If the mother alone has parental responsibility and there are no child arrangement orders concerning the child, permission is not strictly needed by her to take a child abroad on holiday. However, again it is responsible parenting to consult and reach agreement with the other parent. Of course this does not stop a father without parental responsibility applying for parental responsibility and then objecting to the temporary removal of the child.

In almost all cases it is best to agree holiday or similar arrangements in advance to avoid misunderstandings, problems with contact, accusations of abduction and other applications to the Court. In the normal course of events permission for a child to go abroad on holiday is invariably given by a Court. Often details are required stating where the child will be staying, giving the date of departure, return and details of flights along with contact telephone numbers. If however there are suspicions that the child will not be returned, especially if the child is going to a non Hague Convention Country, then security will be necessary.

If grandparents and other family members want to take a child abroad, permission will be needed from both parents with parental responsibility and not just from one parent.

All of these issues may be dealt with at the local Court, however, if the approved holiday requires consideration of the law and procedures in foreign countries, then a Judge of the High Court may deal with such applications as consideration will need to be given with regard to putting in place specific orders. This may include mirror orders, notarised agreements and significant sums of money placed in a bond to be released upon the child's return. There have also been cases where family members, not just the person taking the child abroad, have been required to enter into a solemn declaration guaranteeing the safe return of the child.

The Court would also look at the risk of non return along with the magnitude of the impact on the child of any non return. It is therefore evident from previous Judge's decisions that they take account of each individual circumstance, the age of the child and detailed protective steps if there is a significant fear of non return after a trip abroad.

For further information and questions on taking your child/children abroad, contact us today.

Concerns of abduction

It is not unusual, particularly in families with international connections, for either parent to be anxious that the child will not be returned. These doubts may arise prior to the child leaving on holiday or indeed where the parent and child are returned late after a contact visit or if it has been difficult to get in touch with the other parent at any stage. If there is an immediate risk, port alert will be required. If there is time to secure an application to the Court for an order prohibiting the removal of the child from the jurisdiction without notice being given to the other parent, this should be done quickly as it can be crucially important to prevent the child leaving the UK. Any delay in an application can result in the child being taken out of the jurisdiction and may then result in great difficulty in locating the child and securing their return.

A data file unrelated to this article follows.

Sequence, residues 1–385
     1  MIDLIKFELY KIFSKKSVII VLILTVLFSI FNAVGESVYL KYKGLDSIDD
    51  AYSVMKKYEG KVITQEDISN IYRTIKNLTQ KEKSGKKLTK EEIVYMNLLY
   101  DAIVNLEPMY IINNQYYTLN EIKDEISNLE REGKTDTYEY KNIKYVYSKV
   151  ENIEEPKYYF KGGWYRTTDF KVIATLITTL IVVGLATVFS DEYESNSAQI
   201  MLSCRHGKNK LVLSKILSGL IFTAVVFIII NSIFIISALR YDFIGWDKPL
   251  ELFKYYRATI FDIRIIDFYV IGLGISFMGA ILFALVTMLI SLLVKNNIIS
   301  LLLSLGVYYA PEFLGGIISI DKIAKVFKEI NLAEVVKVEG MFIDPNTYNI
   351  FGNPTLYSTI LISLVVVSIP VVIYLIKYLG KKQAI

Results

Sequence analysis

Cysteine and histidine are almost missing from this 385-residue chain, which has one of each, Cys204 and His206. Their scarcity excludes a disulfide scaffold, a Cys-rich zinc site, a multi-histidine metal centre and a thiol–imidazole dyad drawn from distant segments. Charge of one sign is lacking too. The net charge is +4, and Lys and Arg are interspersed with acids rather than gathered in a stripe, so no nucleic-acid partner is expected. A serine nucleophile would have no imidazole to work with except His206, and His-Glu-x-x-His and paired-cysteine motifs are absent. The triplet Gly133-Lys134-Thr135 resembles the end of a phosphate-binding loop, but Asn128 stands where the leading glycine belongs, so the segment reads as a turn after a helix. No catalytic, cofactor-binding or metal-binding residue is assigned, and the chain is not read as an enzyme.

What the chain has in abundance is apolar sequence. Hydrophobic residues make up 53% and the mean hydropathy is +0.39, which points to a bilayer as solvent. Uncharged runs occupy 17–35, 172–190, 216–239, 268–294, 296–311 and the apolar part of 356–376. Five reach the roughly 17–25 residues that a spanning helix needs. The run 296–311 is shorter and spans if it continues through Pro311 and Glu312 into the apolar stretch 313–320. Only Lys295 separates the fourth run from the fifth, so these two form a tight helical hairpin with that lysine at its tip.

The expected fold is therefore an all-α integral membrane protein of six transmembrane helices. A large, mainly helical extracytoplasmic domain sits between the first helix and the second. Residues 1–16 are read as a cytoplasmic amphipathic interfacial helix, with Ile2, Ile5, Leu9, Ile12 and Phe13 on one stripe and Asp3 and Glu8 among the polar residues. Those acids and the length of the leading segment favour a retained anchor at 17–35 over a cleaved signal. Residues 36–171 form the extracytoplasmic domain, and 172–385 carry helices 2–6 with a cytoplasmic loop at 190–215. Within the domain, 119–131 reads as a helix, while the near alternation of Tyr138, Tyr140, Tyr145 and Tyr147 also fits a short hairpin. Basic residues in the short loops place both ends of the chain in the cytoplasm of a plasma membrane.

Nevertheless, if it is known that the child has been taken to a Country within the European Union there are considerable resources and facilities in place to track and locate a child in the hope of securing a return before departure to the rest of the world.

Abduction is known as a failure to return a child after an agreed period abroad. As stated above there are protective steps which can be taken if there is a fear of a non return after a trip abroad and legal advice should always be sought promptly to address anxiety about any concerns of an abduction. Information such as names, addresses, photographs and descriptions of people and places where it is likely that the child could be taken should be gathered as soon as possible. Clearly, this evidence may only be available if there is a reason to suspect that the child is being taken to other family members or friends who reside abroad.

If you have any concerns about abduction and need some legal advice on the issue, contact our family team.

Relocating abroad

A parent needs the permission of the other parent or a Court Order to take a child permanently abroad. This is known as a relocation application or leave to remove.

In some cases it is appropriate to oppose the relocation application but in others it may be wise to consider putting energies into legal representation to ensuring very good future contact before the relocation proceeds. If there are well thought out plans, with good reasons given to the Court for relocation, they will generally allow relocation. This however, does not mean that a parent opposing relocation of their child should immediately give up.

When considering opposing relocation applications it is essential to consider all aspects of a child's life. The Court will hear evidence as to the child's educational progress, family and support network, activities that they are involved in along with the impact of losing contact with the wider family. Consideration will also be given by the Court as to what more could the one parent offer the child if they continue to reside in this jurisdiction. If the child is to remain in Europe where the country has signed up to the appropriate conventions, there will be certain protection and enforceability of orders for contact. Even if a child has been permitted to go abroad, certain safeguards can be put in place to ensure that good contact continues. This may include extended staying contact during the school holidays and consideration as to travel arrangements, the use of emails and web cams.